The King James Version of the Bible, KJV, or Authorized Version, is an English translation of the Christian Bible by the Church of England in 1611. Printed by the King’s Printer, this was the third official translation into English. In January 1604, King James I of England met at a Hampton Court Conference chose to begin a new English Bible translation in response to the perceived problems of the earlier translations.
James directed the translators to ensure the new version conformed to certain high standards. The translation was completed by 47 scholars. In common with most other translations of the period, the New Testament was translated from Greek, the Old Testament was translated from Hebrew text, while the Apocrypha were translated from the Greek and Latin. In the Book of Common Prayer (1662), the text of the Authorized Version replaced the text of the Great Bible – for Epistle and Gospel readings – and as such was authorized by Act of Parliament. By the first half of the 18th century, the Authorized Version became the primary English translation used in Anglican and Protestant churches. Through the 18th century, the Authorized Version replaced the Latin Vulgate as the standard version of scripture among English speaking scholars.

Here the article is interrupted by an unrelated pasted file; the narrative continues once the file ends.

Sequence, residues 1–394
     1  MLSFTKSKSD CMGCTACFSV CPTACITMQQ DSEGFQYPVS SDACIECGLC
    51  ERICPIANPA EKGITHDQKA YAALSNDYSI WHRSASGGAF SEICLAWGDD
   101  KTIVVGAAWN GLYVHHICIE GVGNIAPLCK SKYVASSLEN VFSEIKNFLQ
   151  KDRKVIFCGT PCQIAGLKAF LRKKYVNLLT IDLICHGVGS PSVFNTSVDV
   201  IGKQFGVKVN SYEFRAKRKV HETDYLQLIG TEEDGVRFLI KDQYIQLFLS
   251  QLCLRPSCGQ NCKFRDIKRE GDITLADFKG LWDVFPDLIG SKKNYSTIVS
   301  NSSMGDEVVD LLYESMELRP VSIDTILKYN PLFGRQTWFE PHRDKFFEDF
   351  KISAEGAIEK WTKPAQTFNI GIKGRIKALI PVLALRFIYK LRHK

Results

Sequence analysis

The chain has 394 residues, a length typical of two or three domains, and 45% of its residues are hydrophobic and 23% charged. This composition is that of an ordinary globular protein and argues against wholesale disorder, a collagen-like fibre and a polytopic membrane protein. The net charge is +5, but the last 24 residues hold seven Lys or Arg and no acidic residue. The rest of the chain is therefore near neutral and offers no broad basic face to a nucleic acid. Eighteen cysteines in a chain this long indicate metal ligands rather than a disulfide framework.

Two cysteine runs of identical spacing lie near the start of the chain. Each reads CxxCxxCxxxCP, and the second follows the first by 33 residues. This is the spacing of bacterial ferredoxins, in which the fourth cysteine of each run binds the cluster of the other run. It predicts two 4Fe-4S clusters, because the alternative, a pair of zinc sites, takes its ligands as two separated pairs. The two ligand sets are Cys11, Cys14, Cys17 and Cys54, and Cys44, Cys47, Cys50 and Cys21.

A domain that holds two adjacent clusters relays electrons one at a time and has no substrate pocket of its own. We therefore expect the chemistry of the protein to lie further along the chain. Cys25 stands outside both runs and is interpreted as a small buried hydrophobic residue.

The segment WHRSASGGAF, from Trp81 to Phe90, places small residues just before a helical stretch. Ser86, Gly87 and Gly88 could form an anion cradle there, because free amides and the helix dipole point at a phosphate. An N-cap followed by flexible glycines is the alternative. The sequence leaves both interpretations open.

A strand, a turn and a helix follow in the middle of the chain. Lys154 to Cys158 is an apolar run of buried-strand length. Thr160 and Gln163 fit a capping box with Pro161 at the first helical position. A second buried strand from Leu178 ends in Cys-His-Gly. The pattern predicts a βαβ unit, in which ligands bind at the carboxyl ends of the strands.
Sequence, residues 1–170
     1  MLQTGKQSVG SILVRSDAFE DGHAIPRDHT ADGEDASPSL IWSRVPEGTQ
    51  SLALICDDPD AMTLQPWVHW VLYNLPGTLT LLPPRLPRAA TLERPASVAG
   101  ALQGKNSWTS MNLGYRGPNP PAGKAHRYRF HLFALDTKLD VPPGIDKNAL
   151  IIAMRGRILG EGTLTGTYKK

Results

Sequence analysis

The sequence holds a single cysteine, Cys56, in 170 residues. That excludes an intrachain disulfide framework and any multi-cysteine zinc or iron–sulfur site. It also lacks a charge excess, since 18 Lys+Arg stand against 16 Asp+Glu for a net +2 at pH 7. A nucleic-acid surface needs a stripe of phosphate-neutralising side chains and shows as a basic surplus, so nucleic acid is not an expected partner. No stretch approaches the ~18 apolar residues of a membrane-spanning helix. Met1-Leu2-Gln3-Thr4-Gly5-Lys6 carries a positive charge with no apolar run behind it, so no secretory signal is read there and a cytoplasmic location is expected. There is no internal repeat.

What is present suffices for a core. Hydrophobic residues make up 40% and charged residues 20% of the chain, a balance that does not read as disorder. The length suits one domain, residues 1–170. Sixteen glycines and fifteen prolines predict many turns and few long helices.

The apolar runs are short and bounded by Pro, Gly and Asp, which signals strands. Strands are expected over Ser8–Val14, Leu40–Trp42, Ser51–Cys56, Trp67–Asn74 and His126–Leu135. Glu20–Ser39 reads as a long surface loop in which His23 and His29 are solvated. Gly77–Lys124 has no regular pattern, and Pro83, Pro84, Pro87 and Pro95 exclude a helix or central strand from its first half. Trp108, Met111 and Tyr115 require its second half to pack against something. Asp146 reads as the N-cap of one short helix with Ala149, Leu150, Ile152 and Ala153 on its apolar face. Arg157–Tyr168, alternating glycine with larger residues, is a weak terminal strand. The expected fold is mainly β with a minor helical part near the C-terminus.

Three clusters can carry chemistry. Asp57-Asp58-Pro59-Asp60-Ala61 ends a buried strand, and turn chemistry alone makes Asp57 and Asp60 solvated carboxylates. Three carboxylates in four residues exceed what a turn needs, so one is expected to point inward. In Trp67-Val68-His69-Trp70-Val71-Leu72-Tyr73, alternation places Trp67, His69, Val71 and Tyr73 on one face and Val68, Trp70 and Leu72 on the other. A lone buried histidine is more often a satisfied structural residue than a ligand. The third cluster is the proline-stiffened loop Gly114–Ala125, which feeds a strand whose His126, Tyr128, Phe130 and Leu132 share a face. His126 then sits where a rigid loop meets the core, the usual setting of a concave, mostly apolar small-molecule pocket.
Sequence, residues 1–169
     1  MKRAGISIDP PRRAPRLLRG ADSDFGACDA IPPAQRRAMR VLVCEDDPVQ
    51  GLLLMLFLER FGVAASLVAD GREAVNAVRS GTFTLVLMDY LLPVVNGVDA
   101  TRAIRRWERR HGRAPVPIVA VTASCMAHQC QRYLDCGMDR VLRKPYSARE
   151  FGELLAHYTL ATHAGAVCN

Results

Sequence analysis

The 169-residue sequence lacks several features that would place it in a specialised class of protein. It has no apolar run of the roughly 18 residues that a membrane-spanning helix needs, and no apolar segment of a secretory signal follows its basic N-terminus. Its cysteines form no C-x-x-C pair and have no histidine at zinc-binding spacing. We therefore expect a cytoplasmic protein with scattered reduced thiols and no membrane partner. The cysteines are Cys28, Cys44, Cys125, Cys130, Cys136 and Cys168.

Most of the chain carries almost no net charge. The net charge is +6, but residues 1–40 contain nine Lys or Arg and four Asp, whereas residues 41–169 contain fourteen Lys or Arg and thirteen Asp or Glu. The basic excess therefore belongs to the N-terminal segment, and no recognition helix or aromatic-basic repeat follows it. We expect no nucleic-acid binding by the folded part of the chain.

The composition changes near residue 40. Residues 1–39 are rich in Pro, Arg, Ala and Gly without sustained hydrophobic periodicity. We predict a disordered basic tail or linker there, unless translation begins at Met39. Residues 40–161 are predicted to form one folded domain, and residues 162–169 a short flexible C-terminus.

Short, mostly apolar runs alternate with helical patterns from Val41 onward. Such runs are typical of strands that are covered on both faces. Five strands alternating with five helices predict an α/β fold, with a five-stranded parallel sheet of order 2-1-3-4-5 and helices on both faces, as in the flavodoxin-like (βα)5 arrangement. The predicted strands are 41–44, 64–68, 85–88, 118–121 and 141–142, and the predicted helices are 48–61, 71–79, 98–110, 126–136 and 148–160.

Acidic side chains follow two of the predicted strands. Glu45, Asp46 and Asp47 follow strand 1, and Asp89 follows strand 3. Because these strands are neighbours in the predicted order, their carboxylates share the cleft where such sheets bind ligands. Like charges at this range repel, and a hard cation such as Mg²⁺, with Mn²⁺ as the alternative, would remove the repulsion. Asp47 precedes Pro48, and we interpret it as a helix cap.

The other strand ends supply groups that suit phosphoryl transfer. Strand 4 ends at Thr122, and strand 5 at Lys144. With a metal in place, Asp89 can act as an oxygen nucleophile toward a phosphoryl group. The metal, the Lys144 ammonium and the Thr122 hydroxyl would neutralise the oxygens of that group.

The “King James Only movement” is a group that advocates the superiority of the Authorized King James Version (KJV) among English Bibles. Christians in conservative, fundamentalist churches are often being taught that King James is the truest and most accurate English translation in existence today. The King James Version of the Bible is said to be one of the most published books in world history and has transcended many generations, united, and has impacted cultures world wide.